New research reveals dangers of cupping
Burns specialists at The Alfred have highlighted the risks associated with the alternative medicine practice, known as cupping.
Cupping is a form of therapy commonly used for pain relief and to treat colds. It involves placing a glass or plastic cup, sometimes heated with the aid of an accelerant to create suction, on the skin. According to practitioners, as the air cools, the cup contracts, bringing blood to the surface and removing toxins.
Lead researcher Marc Seifman, a plastic surgeon who worked at the Victorian Adult Burns Service at The Alfred, says while severe injury is fortunately not common, practitioners should warn patients of the risks.
“As the therapy involves heat, burns can be an unintended consequence, especially if not performed correctly or by a registered practitioner,” Mr Seifman said.
“Our study identified that of those who sustained burn injuries from cupping procedures, all injuries were accidental, and most occurred at home.
“While there were only a small number of cupping-related severe burns injuries recorded, we believe there are likely many more instances of less severe burn injuries.”
The study examines more than 18,700 patients enrolled in the Burns Registry of Australia and New Zealand over a seven-year period (2009–2016).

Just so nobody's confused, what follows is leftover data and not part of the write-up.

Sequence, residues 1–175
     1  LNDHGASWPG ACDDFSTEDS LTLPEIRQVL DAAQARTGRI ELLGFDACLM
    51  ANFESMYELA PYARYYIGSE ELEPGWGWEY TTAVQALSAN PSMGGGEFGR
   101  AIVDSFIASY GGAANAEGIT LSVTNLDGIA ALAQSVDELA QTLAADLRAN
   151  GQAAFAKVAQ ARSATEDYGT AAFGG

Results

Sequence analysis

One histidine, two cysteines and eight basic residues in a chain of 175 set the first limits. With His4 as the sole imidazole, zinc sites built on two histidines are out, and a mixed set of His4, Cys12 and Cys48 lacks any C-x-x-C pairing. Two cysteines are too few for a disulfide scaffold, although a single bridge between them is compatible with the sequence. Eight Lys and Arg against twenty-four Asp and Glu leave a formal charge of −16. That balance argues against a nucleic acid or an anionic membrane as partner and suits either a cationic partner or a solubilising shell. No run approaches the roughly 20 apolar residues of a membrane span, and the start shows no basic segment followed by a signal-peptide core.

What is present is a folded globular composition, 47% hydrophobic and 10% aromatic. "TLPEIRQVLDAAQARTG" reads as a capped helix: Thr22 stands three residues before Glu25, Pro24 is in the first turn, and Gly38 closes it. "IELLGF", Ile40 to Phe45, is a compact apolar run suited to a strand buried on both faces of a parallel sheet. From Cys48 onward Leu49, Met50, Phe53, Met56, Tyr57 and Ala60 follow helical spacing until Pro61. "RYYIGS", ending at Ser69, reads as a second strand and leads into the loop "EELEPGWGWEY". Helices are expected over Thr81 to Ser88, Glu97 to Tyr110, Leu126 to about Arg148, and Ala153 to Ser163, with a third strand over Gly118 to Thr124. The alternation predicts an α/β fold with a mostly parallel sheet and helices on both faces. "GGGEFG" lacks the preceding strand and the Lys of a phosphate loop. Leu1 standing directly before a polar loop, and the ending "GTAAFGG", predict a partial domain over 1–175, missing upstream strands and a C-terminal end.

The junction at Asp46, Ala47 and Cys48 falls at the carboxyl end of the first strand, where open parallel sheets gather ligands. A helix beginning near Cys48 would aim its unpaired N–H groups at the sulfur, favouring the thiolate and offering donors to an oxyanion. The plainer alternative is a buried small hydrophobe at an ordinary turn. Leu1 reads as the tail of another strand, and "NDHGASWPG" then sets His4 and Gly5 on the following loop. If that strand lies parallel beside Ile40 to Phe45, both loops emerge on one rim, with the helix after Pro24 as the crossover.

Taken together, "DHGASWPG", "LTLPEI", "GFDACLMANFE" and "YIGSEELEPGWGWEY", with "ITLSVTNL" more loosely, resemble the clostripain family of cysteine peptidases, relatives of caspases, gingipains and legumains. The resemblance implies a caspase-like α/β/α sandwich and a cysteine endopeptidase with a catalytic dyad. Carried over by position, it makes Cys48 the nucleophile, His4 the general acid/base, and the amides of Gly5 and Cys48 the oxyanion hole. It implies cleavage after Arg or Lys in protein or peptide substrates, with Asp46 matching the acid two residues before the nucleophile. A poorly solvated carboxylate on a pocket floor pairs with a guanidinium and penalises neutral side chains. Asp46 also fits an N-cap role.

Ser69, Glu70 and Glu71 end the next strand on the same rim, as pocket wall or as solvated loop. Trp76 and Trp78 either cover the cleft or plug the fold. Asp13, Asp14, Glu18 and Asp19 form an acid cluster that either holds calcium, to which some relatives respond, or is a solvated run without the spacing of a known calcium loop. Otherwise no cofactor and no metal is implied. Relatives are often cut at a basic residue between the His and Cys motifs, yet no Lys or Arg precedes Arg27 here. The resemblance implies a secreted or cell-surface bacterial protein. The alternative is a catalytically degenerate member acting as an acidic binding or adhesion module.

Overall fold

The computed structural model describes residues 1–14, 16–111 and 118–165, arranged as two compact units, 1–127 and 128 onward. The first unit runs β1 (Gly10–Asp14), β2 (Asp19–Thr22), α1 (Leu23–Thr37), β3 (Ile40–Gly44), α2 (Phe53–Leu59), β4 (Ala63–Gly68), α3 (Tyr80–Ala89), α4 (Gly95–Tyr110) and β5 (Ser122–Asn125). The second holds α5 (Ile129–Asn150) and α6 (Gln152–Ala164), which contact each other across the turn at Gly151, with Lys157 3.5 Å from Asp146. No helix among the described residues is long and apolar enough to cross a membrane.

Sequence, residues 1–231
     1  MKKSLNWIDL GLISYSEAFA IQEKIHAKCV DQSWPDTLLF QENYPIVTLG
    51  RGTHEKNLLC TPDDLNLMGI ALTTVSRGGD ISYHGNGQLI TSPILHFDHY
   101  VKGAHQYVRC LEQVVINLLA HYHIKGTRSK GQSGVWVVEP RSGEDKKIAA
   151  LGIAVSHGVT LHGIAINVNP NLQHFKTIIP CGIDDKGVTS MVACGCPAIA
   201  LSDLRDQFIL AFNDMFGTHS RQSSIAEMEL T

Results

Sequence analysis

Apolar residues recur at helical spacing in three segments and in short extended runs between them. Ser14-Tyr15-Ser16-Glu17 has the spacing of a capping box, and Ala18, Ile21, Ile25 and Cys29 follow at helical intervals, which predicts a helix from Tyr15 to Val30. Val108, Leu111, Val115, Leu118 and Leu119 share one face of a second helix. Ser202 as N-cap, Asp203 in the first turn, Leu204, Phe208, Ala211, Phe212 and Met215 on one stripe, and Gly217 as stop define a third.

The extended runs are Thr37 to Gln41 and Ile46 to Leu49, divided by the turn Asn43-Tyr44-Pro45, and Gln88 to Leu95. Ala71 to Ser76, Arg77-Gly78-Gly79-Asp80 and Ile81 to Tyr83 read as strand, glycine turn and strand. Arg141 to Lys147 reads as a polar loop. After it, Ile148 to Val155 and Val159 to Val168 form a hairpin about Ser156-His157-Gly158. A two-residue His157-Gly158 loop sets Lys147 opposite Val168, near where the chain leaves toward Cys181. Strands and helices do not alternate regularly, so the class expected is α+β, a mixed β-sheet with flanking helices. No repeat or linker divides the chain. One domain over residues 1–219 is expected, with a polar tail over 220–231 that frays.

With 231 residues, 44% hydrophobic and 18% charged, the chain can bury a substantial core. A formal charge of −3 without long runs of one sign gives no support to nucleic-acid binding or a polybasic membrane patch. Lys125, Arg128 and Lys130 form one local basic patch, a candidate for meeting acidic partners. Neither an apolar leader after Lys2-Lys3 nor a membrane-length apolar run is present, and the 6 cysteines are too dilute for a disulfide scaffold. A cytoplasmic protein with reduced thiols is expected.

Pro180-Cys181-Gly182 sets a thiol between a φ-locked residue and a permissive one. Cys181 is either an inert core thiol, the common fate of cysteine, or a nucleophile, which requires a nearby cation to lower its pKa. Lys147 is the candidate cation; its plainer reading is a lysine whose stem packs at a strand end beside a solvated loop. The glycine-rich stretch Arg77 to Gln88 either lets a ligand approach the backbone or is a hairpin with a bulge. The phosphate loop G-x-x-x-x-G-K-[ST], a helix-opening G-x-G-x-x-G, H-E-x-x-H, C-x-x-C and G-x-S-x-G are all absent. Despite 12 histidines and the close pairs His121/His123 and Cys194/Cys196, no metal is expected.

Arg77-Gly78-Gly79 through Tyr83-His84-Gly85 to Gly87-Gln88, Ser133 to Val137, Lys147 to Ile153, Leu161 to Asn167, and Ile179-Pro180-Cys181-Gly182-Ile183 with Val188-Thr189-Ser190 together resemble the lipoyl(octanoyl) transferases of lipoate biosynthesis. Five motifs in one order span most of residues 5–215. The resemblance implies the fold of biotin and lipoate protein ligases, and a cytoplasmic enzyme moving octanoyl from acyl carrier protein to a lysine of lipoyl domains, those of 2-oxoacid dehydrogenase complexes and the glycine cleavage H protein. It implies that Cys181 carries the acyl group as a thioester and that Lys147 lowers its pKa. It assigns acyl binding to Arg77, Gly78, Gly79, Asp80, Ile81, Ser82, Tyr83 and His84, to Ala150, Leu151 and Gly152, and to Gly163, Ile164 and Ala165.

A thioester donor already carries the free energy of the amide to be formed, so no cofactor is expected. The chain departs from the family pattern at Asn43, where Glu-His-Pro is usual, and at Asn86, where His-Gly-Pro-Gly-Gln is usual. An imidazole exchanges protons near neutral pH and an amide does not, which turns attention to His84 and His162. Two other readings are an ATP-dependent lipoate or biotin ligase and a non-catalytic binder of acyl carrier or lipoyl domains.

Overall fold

It identified twenty patients, with an average age of 48 years, who had sustained cupping-associated burn injuries, including flame burns when methylated spirits or other accelerants ignited.
Patients, who were mostly men, required admission to hospital and had burns to a range of areas on their body, including to the face, hands, and upper and lower body, with eight requiring a skin graft.
“While there is limited evidence to suggest a physiological benefit, many people have reported to find some form of relief in the treatment.”
“Anyone considering this form of therapy should be mindful of the risk associated with cupping.”
The study is published in the Medical Journal of Australia.